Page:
The Nature Corner: Oysters – yum, yum

Published 8:42 am Saturday, November 7, 2020

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By Ernie Marshall

The Coastland Times has been covering an interesting and encouraging story (e.g., in the September 27 issue) about building oyster reefs in the Pamlico Sound. It is appropriately dubbed the Restaurant to Reef oyster shell recycling program, since a primary source of the shells to build the reefs are local seafood restaurants on the Outer Banks. The North Carolina Coastal Federation initiated the program but it includes local oystermen, the North Carolina Division of Marine Fisheries and other partners.

This program is a model of good environmentalism, embracing a variety of partners, from federal agencies to local businesses, volunteerism versus legislation and cost-cutting by recycling an available resource.

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To get us up to speed, what exactly is an “oyster reef”? Oysters cluster on older oyster shells or other hard submerged surfaces in shallow brackish water such as found in our Pamlico Sound. The oysters fuse together as they grow, forming rock-like reefs, somewhat similar to the way coral reefs form.

The life cycle of the oyster begins with female eggs (five to eight million at a time) released into the surrounding water and fertilized by male sperms. The result of this are free swimming larvae which eventually attach to another oyster shell or other hard surface, then grow to adult size. Hence oysters are “sessile” (“rooted” in one spot like a plant), but only in their adult stage.

As more oysters come join the party, the reef grows, producing seafood in abundance, but also a natural breakwater protecting the shore from storms and habitat for many organisms, including other fin and shell fish on the restaurant menu.

Oysters are filter feeders, like most other mollusks, and thus provide a vital service in filtering and cleaning the surrounding water, turning waste into live edible tissue. But this wizardry of nature has a limit. If an oyster bed is overwhelmed with fertilizer runoff, sewage and so forth, the oysters will likely be “poisoned” and die. So restoring our oysters required cleaning up our act in the environment as well as building oyster reefs.

Growing up in north central Texas, I had little contact with seafood. (In Texas, if it doesn’t “moo” it’s probably not edible.) I do remember as a kid my father bringing home a can of oysters to sample. I was not impressed. “Must be something the French or Yankees would eat.” (My dad was a teacher and forever introducing us to a novel experience. I did the same to my children. Just ask them.)

Fast forward through the likes of college cafeteria and Army mess hall food to my moving to eastern North Carolina in 1964, where seafood was a much more familiar option.  My palette’s love affair with seafood began with my first trip to the Outer Banks shortly after arriving in our state and has continued to this day.

Once my two children were old enough, we visited the OBX frequently because it was only a short drive away and, well, you know how crazy children are for being at the beach. Stopping at Captain Bill’s Restaurant in Morehead City for a seafood meal became a family tradition. We usually got the seafood platter, loaded up with fried oysters, shrimp, flounder, scallops and, of course, hush puppies.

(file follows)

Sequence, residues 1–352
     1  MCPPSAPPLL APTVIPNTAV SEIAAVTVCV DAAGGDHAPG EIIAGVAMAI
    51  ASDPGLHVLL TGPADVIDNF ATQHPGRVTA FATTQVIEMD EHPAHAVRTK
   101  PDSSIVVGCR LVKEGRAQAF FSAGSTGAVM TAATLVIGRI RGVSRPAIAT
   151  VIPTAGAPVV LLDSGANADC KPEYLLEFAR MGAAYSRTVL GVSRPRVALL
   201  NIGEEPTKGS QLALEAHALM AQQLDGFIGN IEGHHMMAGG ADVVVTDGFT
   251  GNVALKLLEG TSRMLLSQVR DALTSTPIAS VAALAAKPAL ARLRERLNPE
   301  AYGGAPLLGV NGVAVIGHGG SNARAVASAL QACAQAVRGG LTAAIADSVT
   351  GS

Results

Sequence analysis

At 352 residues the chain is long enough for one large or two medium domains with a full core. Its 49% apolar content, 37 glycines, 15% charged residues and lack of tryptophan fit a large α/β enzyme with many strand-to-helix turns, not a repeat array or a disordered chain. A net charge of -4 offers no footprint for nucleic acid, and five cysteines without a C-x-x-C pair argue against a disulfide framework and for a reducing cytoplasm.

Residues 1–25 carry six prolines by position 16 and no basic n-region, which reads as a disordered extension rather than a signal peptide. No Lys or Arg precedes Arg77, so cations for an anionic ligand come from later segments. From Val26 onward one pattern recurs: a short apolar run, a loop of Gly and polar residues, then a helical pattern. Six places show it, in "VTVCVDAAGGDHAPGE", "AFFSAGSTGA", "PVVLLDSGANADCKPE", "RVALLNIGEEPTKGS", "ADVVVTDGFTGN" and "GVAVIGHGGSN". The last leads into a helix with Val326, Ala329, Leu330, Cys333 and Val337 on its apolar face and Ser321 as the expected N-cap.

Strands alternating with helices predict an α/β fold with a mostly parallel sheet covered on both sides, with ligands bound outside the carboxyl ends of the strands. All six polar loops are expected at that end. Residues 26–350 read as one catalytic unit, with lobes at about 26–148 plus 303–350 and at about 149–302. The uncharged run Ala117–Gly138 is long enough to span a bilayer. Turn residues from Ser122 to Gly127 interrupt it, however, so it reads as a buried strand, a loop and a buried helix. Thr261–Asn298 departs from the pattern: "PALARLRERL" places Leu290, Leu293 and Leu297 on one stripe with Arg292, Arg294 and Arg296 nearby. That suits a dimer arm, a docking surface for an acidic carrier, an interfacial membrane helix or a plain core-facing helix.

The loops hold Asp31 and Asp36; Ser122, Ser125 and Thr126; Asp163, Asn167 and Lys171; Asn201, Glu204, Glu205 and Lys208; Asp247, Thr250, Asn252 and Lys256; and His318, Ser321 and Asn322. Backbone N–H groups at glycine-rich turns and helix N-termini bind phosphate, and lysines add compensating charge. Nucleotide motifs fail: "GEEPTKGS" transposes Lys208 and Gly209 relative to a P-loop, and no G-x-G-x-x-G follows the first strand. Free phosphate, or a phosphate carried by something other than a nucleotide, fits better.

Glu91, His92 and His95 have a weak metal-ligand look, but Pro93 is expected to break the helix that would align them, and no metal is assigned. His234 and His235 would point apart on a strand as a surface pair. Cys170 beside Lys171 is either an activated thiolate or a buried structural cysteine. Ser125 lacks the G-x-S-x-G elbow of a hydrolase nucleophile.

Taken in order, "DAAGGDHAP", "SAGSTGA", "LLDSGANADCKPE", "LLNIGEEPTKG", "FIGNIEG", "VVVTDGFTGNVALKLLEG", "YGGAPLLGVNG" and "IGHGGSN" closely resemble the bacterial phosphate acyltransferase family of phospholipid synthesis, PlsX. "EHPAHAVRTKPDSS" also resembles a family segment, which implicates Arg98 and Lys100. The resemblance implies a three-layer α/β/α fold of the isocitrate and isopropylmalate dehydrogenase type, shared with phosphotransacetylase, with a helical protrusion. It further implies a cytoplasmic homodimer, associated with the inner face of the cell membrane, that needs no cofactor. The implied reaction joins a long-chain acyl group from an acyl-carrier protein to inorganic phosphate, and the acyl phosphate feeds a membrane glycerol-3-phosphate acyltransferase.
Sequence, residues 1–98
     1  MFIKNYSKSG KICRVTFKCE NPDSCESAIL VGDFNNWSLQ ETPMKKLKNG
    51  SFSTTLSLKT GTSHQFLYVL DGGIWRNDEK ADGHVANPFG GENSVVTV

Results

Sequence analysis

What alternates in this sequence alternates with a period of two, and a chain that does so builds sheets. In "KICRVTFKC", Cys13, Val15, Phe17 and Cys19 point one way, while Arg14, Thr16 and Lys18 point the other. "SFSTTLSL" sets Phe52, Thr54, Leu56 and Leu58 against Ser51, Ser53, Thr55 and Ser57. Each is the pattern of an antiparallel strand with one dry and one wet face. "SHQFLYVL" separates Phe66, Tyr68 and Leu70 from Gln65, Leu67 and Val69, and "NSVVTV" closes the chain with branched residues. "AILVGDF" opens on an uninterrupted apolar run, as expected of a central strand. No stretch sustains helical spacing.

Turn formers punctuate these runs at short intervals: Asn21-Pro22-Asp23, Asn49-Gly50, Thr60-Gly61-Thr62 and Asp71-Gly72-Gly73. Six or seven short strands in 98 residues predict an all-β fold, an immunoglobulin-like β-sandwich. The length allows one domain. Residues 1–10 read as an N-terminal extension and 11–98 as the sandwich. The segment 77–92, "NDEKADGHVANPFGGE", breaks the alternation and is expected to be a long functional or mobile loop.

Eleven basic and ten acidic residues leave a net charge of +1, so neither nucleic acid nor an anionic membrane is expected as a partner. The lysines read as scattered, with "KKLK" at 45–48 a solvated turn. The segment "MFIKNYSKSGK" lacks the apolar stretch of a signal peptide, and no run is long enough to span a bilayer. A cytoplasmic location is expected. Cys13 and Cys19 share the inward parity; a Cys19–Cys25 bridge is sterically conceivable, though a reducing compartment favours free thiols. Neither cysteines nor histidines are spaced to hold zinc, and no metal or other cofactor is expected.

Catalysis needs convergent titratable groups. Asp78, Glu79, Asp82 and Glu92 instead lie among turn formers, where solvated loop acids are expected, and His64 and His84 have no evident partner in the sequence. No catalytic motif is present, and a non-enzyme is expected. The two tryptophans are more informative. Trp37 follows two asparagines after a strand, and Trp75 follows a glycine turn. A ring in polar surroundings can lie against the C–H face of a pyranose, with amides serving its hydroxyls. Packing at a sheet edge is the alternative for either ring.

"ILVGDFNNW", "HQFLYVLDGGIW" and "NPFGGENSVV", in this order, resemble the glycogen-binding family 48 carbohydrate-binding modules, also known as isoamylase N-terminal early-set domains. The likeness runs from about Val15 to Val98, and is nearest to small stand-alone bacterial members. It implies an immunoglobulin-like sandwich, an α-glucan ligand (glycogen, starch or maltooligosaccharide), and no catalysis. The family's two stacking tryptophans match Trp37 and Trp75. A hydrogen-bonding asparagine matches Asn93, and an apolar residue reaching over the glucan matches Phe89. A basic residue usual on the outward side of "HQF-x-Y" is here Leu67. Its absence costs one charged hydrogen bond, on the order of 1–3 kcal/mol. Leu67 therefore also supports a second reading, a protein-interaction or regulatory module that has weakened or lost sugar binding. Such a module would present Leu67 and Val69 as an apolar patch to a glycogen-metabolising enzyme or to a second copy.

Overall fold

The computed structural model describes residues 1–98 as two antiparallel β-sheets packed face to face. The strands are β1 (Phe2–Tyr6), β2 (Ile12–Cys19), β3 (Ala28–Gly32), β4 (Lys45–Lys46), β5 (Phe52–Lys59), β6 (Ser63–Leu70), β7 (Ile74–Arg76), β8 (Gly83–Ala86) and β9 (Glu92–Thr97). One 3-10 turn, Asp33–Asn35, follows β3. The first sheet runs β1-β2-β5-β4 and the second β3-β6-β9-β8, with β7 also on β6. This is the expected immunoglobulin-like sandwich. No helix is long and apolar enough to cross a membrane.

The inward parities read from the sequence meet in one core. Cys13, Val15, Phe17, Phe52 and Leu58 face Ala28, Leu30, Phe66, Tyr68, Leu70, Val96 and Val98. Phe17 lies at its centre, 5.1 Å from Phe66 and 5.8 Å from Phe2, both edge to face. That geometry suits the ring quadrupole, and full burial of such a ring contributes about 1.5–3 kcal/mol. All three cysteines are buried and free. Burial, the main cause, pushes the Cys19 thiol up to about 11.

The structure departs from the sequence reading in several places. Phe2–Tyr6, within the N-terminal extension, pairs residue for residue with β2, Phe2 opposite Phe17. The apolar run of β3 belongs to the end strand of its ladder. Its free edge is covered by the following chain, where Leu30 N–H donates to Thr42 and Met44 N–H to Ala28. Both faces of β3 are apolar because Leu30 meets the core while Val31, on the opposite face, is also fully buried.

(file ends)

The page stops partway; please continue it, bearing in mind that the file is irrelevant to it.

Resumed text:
After we were sated with seafood, we would go to Captain Bill’s small gift shop with kids’ delights such snow shakers with a seated mermaid, decorated sea shells and sand dollars and salt water taffy sticks in various tasty favors and bright colors. A pirate’s treasure chest of fond memories.

To take a nature moment here, the seafood platter sampled from several different phyla, classes and orders of marine invertebrates, local and mostly raised in our sounds.

Oysters and scallops are mollusks (phylum) and bivalves(class), having two more or less symmetrical shells. Scallops are smooth and symmetrical, more typical of the “sea shells” you encounter walking along the beach. Oysters have a rough outside surface and often an irregular shape, kind of the “ugly ducklings” of the bivalves. But the function of that may be to make it easier for oysters to attach to each other and build their oyster reef.

The shrimp on the platter are crustaceans (along with crabs, lobsters and crayfish) of a different invertebrate phylum and more or less the aquatic (mostly) marine counterpart of insects. The flounder is of course a fish, hence a vertebrate and in a class and phylum of its own.

Let’s leave the taxonomy of oysters to get back to eating them. I like all seafood, fin fish and shellfish. I like oysters anyway but raw. As a friend of mine remarked “If it ain’t cooked how do you know it’s dead.” But my favorite way to have them prepared is very lightly breaded and fried. Now that goes to the top of my seafood list. Most restaurants over-bread and over-fry them. Overcooking seafood is surely a culinary sin.

Humans have been enjoying oysters since Roman times and long before. A midden (trash heap) full of oyster shells was discovered dated at about 10,000 B.C. The shells were unbroken and had scorch marks indicating that they were cooked on a bed of hot coals until they popped open, ready to eat. Sounds like the world’s first oyster roast?

Ernie Marshall taught at East Carolina College for thirty-two years and had a home in Hyde County near Swan Quarter. He has done extensive volunteer work at the Mattamuskeet, Pocosin Lakes and Swan Quarter refuges and was chief script writer for wildlife documentaries by STRS Productions on the coastal U.S. National Wildlife Refuges, mostly located on the Outer Banks. Questions or comments? Contact the author at